World War II was filled with moments that truly changed the world forever; moments Hollywood loves to visit, both during and surrounding the war. An issue with this abundance of war films is the transitional period between World War I and World War II is often ignored. This time period showcased a great deal of change and anxiety around the world as Germany gave rise to an evil man and as England tried to navigate the complex political situation that ensued.
This period is the setting we find ourselves in Netflix’s “The Dig.” “The Dig” follows British widow,
Edith Pretty, played by Carey Mulligan, as she enlists help from excavator Basil Brown (Ralph Fiennes) to dig up some mounds nearby in the hopes of finding some artifacts. “The Dig” is a wonderful story with a terrific cast and fun imagery but suffers from a slow-paced and boring plot at times.
Leads Ralph Fiennes and Carey Mulligan are excellent in their roles. They play scenes powerfully
and impactfully as they excavate and explore the mounds. The film also features Lily James as Peggy Piggott, an aspiring archeologist and wife of a closeted gay man. She does an excellent job showcasing her character’s emotional depth. Overall, the cast does a great job, but where the film thrives is in its scenery.
There are several moments in the film where the imagery is supported by a voice-over that lends scenes much more depth and impact. Scenes such as Brown talking about his dead father as he
contemplates life alone the next day, or Pretty discussing how she is scared by the short frailty of life.
These voice-over scenes showcase compelling and interesting moments that help keep the viewers’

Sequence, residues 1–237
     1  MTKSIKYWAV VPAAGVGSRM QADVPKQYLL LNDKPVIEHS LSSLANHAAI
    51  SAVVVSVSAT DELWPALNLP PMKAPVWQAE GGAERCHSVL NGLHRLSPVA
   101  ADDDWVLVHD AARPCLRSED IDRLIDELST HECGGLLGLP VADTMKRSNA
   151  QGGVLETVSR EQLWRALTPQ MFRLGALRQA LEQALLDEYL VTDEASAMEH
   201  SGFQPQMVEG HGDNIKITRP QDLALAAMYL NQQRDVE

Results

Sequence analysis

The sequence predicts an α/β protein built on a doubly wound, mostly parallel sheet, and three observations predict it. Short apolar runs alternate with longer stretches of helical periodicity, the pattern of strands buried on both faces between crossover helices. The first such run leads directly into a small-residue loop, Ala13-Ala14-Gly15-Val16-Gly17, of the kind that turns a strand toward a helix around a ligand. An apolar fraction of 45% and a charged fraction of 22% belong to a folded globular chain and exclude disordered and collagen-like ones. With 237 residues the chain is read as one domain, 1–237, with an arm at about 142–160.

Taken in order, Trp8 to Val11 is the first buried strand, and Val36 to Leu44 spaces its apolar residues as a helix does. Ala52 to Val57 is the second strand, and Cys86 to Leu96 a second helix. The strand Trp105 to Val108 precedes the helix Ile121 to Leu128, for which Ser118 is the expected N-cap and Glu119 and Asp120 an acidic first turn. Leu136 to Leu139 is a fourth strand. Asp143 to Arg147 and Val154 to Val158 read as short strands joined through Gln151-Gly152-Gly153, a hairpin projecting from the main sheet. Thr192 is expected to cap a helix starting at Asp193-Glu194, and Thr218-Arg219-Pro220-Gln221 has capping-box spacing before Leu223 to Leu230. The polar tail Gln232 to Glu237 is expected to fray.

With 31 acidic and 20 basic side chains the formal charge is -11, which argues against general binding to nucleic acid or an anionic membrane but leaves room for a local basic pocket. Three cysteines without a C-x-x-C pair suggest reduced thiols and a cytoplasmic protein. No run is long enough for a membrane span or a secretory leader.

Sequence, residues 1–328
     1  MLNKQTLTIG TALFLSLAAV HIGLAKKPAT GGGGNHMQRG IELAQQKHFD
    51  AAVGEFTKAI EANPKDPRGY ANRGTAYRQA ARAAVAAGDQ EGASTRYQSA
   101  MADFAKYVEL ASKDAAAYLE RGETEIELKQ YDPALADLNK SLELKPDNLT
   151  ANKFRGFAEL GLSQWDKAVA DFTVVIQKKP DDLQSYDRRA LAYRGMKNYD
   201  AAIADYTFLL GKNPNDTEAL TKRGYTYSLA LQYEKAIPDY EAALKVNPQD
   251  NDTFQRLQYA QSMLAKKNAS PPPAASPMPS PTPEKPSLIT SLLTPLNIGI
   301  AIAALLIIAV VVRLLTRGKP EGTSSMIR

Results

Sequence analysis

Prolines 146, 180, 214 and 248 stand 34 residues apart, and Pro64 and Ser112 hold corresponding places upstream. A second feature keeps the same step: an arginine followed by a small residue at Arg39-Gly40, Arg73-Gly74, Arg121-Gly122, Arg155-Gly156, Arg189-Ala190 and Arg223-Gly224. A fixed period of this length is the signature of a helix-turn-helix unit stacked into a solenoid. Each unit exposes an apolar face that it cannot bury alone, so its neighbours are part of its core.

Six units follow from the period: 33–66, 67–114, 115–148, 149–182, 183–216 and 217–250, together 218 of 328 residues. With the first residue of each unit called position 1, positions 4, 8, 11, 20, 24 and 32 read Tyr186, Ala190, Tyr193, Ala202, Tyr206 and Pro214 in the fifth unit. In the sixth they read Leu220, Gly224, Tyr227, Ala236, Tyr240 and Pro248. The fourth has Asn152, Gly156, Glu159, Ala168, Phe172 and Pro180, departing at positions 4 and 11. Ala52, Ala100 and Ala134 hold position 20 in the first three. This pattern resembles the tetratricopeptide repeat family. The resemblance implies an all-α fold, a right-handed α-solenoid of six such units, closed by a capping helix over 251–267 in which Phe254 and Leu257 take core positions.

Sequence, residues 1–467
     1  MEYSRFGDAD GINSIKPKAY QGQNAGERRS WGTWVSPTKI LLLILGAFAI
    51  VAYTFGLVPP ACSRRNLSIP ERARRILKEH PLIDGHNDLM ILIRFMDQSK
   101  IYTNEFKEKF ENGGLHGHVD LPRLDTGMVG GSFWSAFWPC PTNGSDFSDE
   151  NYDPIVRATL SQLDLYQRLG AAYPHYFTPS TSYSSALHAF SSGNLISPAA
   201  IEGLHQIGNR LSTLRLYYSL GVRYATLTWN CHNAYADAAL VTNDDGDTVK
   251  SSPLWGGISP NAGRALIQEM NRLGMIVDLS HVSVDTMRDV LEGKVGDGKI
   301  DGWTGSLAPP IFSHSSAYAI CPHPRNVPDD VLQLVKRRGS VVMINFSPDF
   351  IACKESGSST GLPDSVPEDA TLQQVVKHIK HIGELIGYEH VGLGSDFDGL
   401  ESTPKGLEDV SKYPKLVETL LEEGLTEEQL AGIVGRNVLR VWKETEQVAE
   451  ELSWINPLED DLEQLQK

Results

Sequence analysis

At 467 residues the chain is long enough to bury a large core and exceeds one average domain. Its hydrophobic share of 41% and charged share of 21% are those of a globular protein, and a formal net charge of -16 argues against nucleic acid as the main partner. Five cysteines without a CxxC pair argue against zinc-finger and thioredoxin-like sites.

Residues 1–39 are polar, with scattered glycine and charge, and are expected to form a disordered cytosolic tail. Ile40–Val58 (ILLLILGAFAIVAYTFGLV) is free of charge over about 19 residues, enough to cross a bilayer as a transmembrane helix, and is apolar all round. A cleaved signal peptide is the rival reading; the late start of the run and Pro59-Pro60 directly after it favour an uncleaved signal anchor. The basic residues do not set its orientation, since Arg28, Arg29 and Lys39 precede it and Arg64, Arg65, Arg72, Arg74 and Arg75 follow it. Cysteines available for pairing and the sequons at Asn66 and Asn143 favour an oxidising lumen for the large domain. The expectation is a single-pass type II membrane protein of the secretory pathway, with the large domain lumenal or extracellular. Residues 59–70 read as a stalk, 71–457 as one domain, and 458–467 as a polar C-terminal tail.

attention. Other standalone imagery does a wonderful job, but most is featured in the latter half of the film, and I will avoid spoiling any.
This leads directly into the biggest problem with the film, its pacing. Overall, the story of “The Dig”
is entertaining and compelling, but the pacing of the beginning of the movie is incredibly slow and the plot does not pick up until a half hour into the 53-minute film.
The pacing of the film moves so slowly in the beginning, it feels like it’s been closer to an hour of the film before it starts to become truly interesting. While you must take time to build up character relationships to provide context to their later actions and reactions, long-drawn-out shots of a character biking across a plain become boring when repeated ad nauseum. It’s a shame the film begins this way as it becomes compelling later on, but it’s really hard to give the film your full attention when it feels very little is actually happening.
I will be honest with you; I was misinformed going into “The Dig.” I was told it was a movie about
archeologists discovering the first dinosaur bones. The reality is the first bones were found in America nearly a decade before. Despite this, “The Dig” is a great film about a different kind of archeological discovery in pre-World War II England. If it wasn’t for the pacing of this film, I would have been much more pleased.
Sadly, first impressions are everything, and this one lacks a strong one. I am giving “The Dig” a 3 out of 5 stars.